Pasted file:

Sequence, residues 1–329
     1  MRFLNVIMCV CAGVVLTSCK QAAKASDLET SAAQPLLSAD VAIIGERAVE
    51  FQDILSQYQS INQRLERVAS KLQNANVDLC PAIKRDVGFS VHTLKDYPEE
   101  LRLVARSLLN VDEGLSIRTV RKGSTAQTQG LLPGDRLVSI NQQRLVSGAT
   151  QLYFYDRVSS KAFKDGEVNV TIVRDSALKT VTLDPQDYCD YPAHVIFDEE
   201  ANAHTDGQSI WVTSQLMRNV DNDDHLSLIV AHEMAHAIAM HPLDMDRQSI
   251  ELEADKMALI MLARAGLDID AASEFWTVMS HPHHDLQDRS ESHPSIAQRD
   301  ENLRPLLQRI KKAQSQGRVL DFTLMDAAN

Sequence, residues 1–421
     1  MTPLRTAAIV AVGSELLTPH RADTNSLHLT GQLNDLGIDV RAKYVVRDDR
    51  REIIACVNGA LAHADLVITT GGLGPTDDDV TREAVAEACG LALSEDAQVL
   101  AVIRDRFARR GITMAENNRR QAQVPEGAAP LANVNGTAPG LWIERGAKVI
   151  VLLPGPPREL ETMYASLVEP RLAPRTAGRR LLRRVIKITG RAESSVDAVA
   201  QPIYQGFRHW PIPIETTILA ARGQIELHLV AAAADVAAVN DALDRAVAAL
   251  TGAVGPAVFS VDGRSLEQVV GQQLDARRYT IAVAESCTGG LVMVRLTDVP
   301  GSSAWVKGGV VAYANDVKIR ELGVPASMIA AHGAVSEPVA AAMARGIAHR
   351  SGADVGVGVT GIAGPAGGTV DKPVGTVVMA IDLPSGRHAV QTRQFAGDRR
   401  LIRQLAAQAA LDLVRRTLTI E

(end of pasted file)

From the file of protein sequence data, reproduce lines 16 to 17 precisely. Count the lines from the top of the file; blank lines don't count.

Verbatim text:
   301  GSSAWVKGGV VAYANDVKIR ELGVPASMIA AHGAVSEPVA AAMARGIAHR
   351  SGADVGVGVT GIAGPAGGTV DKPVGTVVMA IDLPSGRHAV QTRQFAGDRR